1
$\begingroup$

I am struggling to understand when calculating the work done by a gas whether it is postive or negative p. It my notes and in many other notes sometimes it is $-pdV$ and sometimes it is $pdV$.

I think I have come up with a way to rectify this and it would be to compute the work done using $p dV$ then add a minus afterwards if necessary to make it comply with the first law.

Is this a good way of dealing with it or is there a better way of deciding whether it should be $\pm p$?

$\endgroup$
1
$\begingroup$

The sign is governed by the convention - whether the volume is of your system in consideration or not.

If you decrease the volume of your system - you increase the energy of your system, so you require for total energy change to be positive.

If the volume is describing your system then $ dV <0 $ and so $dE=-PdV>0$ is the correct expression

If the volume is the volume outside the system then $ dV>0 $ and then $dE= +PdV >0 $ is the correct expression

| cite | improve this answer | |
$\endgroup$
  • $\begingroup$ I have the $E=\frac{f}{2}pV$ which would imply that increasing volume increases the energy? This doesnt agree with your second sentence? $\endgroup$ – Permian May 23 '15 at 18:38
  • $\begingroup$ Your comment is about slightly different thing. Even for non-ideal gas $ E=E(S,V,N) $ so $E(S,V,N)=\frac{f}{2} p(S,V,N) \cdot V $. Because of the dependence of preassure on entropy and volume - you cannot state apriori from that formula that for greater volume the energy is greater. (It depends for example on the process by which the volume expanded - adiabatic or not). I talked about the 1st law of thermodynamics which seperates the change in energy by doing work on the system ( $d W=-PdV $ ) and heat transfer ($ d Q $ ) $\endgroup$ – Alexander May 24 '15 at 1:43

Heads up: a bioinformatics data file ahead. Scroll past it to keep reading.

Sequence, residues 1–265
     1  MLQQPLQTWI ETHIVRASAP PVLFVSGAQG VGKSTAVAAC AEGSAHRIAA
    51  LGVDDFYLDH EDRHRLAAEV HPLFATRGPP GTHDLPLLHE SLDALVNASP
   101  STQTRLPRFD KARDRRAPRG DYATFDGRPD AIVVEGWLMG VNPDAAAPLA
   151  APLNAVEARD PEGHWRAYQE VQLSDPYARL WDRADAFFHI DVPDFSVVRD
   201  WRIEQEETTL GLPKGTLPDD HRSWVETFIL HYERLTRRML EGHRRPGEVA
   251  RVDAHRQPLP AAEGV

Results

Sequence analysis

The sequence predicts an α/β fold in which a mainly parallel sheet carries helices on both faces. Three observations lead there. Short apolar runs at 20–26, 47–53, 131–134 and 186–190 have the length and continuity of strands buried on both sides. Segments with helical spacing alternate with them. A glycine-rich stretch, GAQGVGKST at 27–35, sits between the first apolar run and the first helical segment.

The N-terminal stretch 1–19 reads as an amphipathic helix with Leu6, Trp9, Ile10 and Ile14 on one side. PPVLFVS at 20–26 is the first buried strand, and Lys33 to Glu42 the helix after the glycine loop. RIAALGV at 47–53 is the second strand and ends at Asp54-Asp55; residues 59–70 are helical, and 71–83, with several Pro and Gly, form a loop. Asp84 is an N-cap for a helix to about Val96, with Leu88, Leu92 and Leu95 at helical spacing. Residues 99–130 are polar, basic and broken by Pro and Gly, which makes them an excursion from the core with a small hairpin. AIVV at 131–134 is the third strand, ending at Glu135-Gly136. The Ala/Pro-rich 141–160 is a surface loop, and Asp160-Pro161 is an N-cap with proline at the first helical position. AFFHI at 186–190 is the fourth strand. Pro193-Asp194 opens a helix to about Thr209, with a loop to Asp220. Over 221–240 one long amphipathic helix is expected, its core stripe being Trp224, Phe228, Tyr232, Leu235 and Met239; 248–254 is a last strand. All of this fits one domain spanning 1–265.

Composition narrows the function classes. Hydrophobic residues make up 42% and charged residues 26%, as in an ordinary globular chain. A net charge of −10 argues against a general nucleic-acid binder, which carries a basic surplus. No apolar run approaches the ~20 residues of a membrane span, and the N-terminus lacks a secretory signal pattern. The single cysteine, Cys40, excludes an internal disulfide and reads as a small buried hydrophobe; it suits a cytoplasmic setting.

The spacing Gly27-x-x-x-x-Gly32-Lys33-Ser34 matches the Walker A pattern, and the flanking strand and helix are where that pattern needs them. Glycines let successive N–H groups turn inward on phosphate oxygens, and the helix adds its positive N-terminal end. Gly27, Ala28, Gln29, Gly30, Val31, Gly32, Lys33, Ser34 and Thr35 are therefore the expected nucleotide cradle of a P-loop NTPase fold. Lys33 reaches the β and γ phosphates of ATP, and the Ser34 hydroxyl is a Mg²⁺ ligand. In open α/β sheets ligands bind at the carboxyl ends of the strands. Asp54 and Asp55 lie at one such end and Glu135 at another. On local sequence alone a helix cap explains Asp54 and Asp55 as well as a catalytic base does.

• $\begingroup$ How do you justify the second sentence then? Also I only seem to ever consider the volume of the gas which is doing work or has done work on it so I cannot see when you would have the case of your last sentence $\endgroup$ – Permian May 24 '15 at 10:02
  • $\begingroup$ $ dE=-PdV=\frac{f}{2}(PdV+VdP) $ then $-(1+\frac{2}{f}) \frac{dv}{v}=\frac{dp}{p} $ and finaly you get $ pv^{\frac{2+f}{f}}=const $ which is the poisson equation for ideal gas (adiabatic prosess, as initialy stated by $ dE=-PdV $) $\endgroup$ – Alexander May 24 '15 at 10:13

Your Answer

By clicking “Post Your Answer”, you agree to our terms of service, privacy policy and cookie policy

Not the answer you're looking for? Browse other questions tagged or ask your own question.